Cosmic names can be drab, with astronomers naming nebulas and stars with strings of numbers and letters. Names like NGC 6302 fail to inspire the imagination and belie the beauty hidden in the depths of space. A simple nickname used by NASA, such as the Butterfly Nebula, can go a long way to give an object like NGC 6302 more character.
But there are some cosmic nicknames NASA fears can be insensitive or hurtful towards people who have been historically excluded from the scientific fields.
In a bid to address concerns of systemic discrimination and inequality, the US space agency will reexamine its use of unofficial terminology.
For starters, NASA has vowed to no longer refer to the planetary nebula NGC 2392 as the Eskimo Nebula.
NGC 2392 is a beautiful cloud of stellar gas surrounding the remains of a Sun-like star, some 5,000 light-years from Earth.
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According to NASA, the term Eskimo has unfortunate colonial connotations and a history of racism, as it was imposed on the indigenous people of the Arctic circle.
Similarly, NASA will no longer refer to the galaxies NGC 4567 and NGC 4568 as the Siamese Galaxies.
NGC 4567 and NGC 4568 are a pair of spiral galaxies found in the Virgo Cluster.
Moving forward, NASA will only use the official names approved by the International Astronomical Union (IAU).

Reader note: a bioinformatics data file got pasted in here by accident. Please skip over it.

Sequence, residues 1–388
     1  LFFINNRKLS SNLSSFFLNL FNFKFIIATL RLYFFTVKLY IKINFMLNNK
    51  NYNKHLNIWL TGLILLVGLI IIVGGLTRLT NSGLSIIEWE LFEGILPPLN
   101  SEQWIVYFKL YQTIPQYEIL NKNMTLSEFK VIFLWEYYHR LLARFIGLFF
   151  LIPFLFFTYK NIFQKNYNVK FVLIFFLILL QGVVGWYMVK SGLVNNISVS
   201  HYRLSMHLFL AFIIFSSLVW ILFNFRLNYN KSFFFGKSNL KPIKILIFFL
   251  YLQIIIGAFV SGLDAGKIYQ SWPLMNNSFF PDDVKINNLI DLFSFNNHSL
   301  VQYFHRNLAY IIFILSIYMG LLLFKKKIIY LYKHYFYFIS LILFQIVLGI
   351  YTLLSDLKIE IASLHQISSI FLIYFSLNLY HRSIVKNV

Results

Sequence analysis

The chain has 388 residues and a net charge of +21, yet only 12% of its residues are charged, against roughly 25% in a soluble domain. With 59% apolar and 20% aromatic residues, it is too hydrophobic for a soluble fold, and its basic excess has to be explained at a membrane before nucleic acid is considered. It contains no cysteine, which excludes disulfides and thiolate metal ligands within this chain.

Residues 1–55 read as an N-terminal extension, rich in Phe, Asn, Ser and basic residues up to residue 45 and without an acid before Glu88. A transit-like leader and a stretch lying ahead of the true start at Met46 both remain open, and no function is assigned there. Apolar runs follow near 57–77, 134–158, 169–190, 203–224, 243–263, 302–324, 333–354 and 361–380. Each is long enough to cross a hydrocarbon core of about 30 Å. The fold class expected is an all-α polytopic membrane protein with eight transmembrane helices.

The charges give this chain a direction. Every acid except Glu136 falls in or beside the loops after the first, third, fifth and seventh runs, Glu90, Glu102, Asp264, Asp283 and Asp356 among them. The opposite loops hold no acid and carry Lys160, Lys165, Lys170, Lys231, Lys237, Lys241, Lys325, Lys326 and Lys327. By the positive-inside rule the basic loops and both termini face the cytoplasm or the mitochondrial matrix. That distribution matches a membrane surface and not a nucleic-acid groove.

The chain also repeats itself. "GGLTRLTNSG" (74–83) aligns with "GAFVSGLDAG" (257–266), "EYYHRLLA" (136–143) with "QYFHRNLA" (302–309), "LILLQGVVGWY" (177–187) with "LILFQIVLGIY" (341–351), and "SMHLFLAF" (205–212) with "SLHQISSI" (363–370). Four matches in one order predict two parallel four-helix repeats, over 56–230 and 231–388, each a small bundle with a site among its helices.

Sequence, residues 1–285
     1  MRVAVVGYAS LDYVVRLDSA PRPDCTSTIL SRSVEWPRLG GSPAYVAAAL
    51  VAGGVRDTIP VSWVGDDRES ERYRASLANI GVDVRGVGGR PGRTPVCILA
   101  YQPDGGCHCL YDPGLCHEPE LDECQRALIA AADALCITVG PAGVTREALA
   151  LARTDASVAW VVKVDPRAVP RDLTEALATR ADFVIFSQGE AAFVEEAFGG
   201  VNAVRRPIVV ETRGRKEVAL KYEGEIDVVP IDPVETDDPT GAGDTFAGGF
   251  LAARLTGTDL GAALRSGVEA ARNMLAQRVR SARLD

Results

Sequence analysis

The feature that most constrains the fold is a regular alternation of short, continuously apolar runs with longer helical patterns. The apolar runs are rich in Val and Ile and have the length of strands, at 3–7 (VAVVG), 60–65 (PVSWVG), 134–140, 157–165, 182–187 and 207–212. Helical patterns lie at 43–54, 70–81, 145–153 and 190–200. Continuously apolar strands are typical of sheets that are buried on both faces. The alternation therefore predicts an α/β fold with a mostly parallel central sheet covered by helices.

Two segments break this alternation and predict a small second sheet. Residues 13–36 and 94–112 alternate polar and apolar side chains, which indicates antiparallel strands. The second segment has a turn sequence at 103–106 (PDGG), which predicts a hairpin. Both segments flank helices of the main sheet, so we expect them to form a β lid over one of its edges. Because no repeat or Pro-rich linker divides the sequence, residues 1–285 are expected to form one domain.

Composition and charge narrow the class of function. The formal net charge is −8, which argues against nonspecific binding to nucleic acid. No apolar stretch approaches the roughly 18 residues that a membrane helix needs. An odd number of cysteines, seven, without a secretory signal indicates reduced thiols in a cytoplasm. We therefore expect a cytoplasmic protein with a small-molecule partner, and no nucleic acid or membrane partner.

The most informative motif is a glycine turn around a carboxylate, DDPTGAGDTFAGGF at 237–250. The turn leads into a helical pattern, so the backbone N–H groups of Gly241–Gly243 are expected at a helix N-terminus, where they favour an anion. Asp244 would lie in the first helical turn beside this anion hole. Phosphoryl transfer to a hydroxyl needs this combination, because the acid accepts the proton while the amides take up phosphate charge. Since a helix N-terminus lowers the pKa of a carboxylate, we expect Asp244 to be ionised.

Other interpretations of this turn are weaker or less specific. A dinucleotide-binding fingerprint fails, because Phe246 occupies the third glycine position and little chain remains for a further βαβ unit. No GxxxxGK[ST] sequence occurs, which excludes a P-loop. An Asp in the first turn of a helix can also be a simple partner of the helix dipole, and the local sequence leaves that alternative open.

The move towards more diversity and inclusion was welcomed by Thomas Zurbuchen, associate administrator of NASA’s Science Mission Directorate in Washington.
He said: “I support our ongoing reevaluation of the names by which we refer to astronomical objects.
“Our goal is that all names are aligned with our values of diversity and inclusion, and we’ll proactively work with the scientific community to help ensure that.
“Science is for everyone, and every facet of our work needs to reflect that value.”
Nicknames such as the Horsehead Nebula, also known as Barnard 33, will likely remain unchanged.
Others, like the Giant Squid Nebula (Ou4) and Flying Bat Nebula (Sh2-129) simply serve to describe the nebulas’ eerily animal-like shapes.
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But NASA will employ diversity and inclusion experts to make sure all of these nicknames are approachable and public-friendly.
NASA aims to provide through the review new guidance and recommendation for scientists to follow when nicknaming new discoveries.
Stephen T. Shih of Diversity and Equal Opportunity at NASA said: “These nicknames and terms may have historical or culture connotations that are objectionable or unwelcoming, and NASA is strongly committed to addressing them.
“Science depends on diverse contributions, and benefits everyone, so this means we must make it inclusive.”
The International Astronomical Union, which officially catalogues and names stars does not follow any strict formats.
However, since 2016, the IAU’s Working Group on Star Names (WGSN) looks at how history and culture worldwide has influenced star names.
The IAU said: “For instance, shorter, one-word names are preferred, as are those that have their roots in astronomical, cultural or natural world heritage.
“This is to preserve continuity and to ensure the long history of astronomical discovery is recognised.
“Many cultures around the world have traditional names for bright stars and asterisms. Most names still in use today have their roots in Greek, Latin and Arabic cultures, while some have more recent origins in the 19th and 20th centuries.